Andre De Ruyter vanishes in the dark of the night

Sacked Eskom CEO Andre de Ruyter leaves the embattled power utility with a legacy characterised by the worst power cuts in the country’s history. Graphic: Timothy Alexander/African News Agency (ANA)

Sacked Eskom CEO Andre de Ruyter leaves the embattled power utility with a legacy characterised by the worst power cuts in the country’s history. Graphic: Timothy Alexander/African News Agency (ANA)

Published Feb 24, 2023


Cape Town - Sacked Eskom CEO Andre de Ruyter leaves the embattled power utility with a legacy characterised by the worst power cuts in the country’s history.

Of De Ruyter’s legacy, energy expert Lungile Mashele noted: “Longest consecutive load-shedding hours December 2022 to February 2023.

No reliability maintenance carried out. FY2022 (financial year 2022) financials delivered on the 23rd of December 2022.

“Worst energy availability factor and unplanned capability loss factor in Eskom’s 100-year history, high staff turnover, especially senior management, interference with procurement practices, hence a reprimand from Treasury.

“Highest diesel usage and costs, and failed turnaround, which was later attributed to ‘sabotage’. ‘Sabotage’ related to foreign objects in coal or sludge only accounts for 0.64% of other capability loss factors.”

Eskom announced that De Ruyter was leaving the company with immediate effect on Wednesday night following an interview with TV news channel eNCA.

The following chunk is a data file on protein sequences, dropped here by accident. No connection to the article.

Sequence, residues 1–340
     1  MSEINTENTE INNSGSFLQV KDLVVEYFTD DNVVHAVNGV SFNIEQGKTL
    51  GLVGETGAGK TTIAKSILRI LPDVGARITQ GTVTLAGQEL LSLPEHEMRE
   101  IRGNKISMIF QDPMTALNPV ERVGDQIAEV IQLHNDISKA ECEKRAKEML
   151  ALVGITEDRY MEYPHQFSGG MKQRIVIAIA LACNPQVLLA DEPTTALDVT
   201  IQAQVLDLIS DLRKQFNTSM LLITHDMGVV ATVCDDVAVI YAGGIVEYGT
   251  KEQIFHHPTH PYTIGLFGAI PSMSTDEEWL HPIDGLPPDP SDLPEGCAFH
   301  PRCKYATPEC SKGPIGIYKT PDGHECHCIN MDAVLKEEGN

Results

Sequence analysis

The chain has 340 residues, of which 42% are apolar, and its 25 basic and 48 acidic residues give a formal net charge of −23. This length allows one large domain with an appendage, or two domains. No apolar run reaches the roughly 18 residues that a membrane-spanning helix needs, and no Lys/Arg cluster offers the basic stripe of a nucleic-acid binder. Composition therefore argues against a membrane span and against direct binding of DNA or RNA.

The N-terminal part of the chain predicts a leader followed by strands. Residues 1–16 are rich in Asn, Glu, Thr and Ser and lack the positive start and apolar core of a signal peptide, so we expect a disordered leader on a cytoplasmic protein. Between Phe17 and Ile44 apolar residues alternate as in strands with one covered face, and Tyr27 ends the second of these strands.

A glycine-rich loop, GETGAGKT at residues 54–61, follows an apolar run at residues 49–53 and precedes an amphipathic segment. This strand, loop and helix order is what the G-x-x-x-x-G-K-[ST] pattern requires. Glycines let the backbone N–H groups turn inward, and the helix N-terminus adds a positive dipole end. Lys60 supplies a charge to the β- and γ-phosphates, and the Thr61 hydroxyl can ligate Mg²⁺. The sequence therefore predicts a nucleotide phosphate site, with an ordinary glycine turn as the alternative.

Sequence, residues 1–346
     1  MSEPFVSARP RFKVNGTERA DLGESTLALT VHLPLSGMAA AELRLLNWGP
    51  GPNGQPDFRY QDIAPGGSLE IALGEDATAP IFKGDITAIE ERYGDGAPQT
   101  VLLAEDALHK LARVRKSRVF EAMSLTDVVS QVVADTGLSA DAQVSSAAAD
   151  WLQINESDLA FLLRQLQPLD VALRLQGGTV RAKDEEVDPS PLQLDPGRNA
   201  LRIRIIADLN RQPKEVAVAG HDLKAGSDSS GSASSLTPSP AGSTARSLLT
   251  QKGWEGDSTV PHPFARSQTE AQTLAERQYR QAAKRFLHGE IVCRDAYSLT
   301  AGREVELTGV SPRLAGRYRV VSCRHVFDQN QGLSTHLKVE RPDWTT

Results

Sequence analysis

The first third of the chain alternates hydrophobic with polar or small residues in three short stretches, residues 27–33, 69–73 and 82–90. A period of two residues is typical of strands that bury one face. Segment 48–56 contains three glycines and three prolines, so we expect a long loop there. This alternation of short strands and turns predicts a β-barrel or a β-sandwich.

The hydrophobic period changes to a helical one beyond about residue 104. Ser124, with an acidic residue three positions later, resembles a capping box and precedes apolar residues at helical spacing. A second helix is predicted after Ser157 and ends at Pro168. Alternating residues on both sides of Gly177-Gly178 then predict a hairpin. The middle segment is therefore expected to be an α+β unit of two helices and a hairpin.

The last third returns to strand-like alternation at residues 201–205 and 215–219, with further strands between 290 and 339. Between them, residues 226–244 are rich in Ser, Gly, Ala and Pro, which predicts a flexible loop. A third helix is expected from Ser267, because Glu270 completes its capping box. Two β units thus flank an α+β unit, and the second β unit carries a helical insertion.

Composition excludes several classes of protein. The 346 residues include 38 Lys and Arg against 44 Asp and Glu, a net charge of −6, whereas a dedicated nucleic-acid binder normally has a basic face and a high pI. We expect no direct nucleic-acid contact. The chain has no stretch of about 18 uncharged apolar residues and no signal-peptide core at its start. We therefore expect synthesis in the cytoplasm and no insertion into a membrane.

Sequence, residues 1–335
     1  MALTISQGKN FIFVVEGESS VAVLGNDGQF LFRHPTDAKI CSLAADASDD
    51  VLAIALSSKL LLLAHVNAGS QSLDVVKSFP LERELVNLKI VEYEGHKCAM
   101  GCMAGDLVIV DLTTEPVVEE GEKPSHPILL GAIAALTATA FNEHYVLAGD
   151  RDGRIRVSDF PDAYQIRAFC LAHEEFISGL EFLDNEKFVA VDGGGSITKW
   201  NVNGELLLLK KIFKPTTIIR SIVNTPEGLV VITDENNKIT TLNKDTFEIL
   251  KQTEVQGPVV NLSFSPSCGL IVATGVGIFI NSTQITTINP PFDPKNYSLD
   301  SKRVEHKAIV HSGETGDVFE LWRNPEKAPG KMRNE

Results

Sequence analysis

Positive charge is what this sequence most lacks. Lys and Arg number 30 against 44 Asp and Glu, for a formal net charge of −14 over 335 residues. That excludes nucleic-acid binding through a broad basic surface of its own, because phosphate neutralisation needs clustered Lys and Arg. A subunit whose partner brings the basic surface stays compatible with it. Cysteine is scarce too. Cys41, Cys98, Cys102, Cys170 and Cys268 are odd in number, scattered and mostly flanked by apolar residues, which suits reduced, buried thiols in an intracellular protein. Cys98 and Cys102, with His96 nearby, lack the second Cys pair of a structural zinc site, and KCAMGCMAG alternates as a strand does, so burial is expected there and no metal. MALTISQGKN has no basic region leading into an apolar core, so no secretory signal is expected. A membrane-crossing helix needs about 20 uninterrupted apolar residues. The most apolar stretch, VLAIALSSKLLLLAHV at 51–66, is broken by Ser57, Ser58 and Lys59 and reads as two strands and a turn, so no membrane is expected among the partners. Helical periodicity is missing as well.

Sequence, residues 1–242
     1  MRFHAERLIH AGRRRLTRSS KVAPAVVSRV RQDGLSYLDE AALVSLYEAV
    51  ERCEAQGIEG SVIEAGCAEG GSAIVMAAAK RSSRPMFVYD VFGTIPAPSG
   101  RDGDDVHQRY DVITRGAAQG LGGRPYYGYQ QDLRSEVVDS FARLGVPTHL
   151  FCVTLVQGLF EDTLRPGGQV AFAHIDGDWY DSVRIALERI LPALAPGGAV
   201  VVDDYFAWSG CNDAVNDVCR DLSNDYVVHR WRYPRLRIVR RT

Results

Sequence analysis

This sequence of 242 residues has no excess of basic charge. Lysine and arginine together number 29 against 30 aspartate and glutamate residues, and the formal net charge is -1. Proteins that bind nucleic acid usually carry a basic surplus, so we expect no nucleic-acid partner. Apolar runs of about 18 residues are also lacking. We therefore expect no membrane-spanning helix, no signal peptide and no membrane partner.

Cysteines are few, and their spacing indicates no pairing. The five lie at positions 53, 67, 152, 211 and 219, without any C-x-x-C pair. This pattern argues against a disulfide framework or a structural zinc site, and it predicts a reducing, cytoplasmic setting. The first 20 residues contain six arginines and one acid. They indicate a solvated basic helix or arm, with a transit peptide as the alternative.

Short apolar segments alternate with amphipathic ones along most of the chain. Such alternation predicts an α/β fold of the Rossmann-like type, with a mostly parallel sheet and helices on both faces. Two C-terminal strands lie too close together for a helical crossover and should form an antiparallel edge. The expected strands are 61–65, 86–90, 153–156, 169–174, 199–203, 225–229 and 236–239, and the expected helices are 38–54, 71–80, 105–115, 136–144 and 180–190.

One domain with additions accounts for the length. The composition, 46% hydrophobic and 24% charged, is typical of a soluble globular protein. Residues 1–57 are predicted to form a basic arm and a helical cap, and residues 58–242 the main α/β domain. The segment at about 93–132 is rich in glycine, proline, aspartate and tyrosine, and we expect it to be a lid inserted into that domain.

He made a number of allegations, including claims of political meddling by some ANC ministers.

He was set to leave at the end of next month after he resigned in December. So far, the power utility has been mum on his replacement.

Mashele said the interview came at a time when South Africa had entered stage 8 load shedding for the first time.

“On Sunday, the 19th of February, we went into an indefinite stage 6 load shedding, which was supposed to be reduced to stage 4 as of Wednesday evening – this never happened.

“Instead on the 22nd of February, load shedding was 7 092MW. It is a pity that his utterances are distracting from the real problem of a compromised grid and a lack of energy supply in South Africa,” Mashele said.

Speaking to eNCA, De Ruyter had said: “Now we are going into the realm of speculation, and again, no evidence. About three months ago there was a visit by the Russian minister of energy to South Africa.

“Russia, as we know, is very long on gas following its invasion of Ukraine. It is looking for markets for gas, there is no doubt about that.

“It was quite interesting for me to observe how soon after we received a request from the Central Energy Fund to transfer three of our ageing power stations – Camden, Hendrina and Grootvlei – to the Central Energy Fund (CEF), which, by the way, reports into the Department of Mineral Resources and Energy, to convert those to gas.

“Ah, now maybe I am adding one and one and getting three but, ah politics; there is very seldom such a thing as a coincidence.”

He also said: “My rough estimate of what is stolen from Eskom is about R1 billion a month and we’ve made some inroads.